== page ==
crinetics approach

Our Approach

Interrogating the Inner Life of GPCR Signaling to Develop New Therapeutics

Our discovery team has significant expertise in understanding and creating product candidates to influence the dynamic behavior of G-protein coupled receptors (GPCRs) and has developed a number of proprietary methods, techniques and tools that we believe will enable us to efficiently and reliably evaluate newly synthesized molecules. We employ an iterative strategy where compounds are designed, synthesized and rapidly characterized for pharmacologic and pharmaceutical properties.

There are more than 80 known peptide hormones acting at more than 120 known different receptors. Historically, it was assumed that small molecules could not replicate or compete with the complex interactions between peptides and their cognate GPCRs. As such, most drugs developed for peptide GPCRs have been and continue to be peptides themselves, which present manufacturing and formulation difficulties and force patients to undergo frequent injections because peptides generally are not orally bioavailable.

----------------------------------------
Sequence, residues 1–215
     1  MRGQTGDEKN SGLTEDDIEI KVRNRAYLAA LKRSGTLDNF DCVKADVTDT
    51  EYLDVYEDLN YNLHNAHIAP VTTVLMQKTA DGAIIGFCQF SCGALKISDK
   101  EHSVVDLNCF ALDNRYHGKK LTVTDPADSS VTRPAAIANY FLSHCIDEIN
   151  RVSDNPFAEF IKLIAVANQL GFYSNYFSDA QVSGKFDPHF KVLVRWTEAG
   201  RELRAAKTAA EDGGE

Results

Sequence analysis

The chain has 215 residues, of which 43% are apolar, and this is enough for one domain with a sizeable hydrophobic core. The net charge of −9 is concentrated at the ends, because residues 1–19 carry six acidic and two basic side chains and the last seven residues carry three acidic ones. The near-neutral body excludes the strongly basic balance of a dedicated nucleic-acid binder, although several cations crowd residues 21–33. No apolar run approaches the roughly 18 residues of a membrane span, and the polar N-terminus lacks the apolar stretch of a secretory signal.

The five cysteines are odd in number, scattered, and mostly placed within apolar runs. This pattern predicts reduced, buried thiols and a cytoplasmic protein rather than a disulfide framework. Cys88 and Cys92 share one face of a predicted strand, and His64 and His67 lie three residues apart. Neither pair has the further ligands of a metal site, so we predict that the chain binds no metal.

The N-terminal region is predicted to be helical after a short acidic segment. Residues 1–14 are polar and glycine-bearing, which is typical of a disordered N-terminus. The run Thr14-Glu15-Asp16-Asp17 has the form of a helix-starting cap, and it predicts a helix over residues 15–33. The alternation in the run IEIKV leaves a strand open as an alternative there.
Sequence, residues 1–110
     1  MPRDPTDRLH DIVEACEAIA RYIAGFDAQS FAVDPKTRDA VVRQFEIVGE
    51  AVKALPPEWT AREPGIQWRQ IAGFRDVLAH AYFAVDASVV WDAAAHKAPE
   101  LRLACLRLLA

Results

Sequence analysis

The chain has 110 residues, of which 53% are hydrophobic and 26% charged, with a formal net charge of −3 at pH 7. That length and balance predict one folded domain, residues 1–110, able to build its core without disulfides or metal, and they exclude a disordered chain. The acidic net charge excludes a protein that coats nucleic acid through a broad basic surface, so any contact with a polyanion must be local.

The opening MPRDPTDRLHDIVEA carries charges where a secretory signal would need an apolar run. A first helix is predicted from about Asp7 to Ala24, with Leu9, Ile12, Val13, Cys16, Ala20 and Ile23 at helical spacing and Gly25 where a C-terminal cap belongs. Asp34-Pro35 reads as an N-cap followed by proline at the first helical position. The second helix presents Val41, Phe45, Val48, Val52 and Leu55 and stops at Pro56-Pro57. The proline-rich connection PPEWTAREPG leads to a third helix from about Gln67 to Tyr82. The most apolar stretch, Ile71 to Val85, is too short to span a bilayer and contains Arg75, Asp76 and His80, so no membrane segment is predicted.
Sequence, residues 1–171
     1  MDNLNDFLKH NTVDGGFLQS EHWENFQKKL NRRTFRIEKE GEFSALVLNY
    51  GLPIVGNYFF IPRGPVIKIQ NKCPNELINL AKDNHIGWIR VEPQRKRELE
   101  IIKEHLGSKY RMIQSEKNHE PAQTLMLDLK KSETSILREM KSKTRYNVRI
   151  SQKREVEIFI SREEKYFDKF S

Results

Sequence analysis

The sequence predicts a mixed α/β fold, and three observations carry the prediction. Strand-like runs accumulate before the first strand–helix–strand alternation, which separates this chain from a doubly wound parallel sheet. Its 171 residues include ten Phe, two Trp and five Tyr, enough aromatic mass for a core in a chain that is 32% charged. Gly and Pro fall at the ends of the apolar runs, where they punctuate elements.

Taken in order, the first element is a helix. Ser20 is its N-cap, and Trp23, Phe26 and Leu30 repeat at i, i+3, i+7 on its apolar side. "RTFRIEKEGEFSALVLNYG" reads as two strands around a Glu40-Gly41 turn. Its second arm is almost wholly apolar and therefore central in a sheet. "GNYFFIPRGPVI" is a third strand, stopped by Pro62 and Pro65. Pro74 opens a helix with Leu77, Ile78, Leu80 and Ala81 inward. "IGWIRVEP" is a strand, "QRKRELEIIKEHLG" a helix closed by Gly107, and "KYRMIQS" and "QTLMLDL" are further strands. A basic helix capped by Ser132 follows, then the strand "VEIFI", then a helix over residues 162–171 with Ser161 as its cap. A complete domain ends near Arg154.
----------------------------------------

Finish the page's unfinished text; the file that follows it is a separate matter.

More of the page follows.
With each of our drug discovery programs, our goal is to specifically tailor a product candidate with pharmacologic and pharmaceutical properties highly optimized for its interaction with its specific GPCR target that we anticipate will translate to downstream benefits in our chosen therapeutic applications.

Scientific Presentations

Selective Somatostatin Subtype 5 (sst5) Agonists for the Treatment of Hyperinsulinism: Orally-Bioavailable Small Molecules Suppress Insulin and Rescue Glyburide-Induced Hypoglycemia.
Markison S, Kusnetzow AK, Shin R, Sturchler E, Zhao J, Zhu YF, Struthers RS, Betz SF. ENDO 2018. March 17-20, 2018; Chicago.

Suppression of Growth Hormone and Insulin-Like Growth Factor 1 in Rats After Oral Administration of CRN00808, a Small Molecule, sst2 Selective Somatostatin Biased Agonist.
Betz SF, Markison S, Kusnetzow AK, Athanacio JD, Rico-Bautista E, Madan A, Johns M, Zhu YF, Schonbrunn A, Struthers RS. ENDO 2018. March 17-20, 2018; Chicago.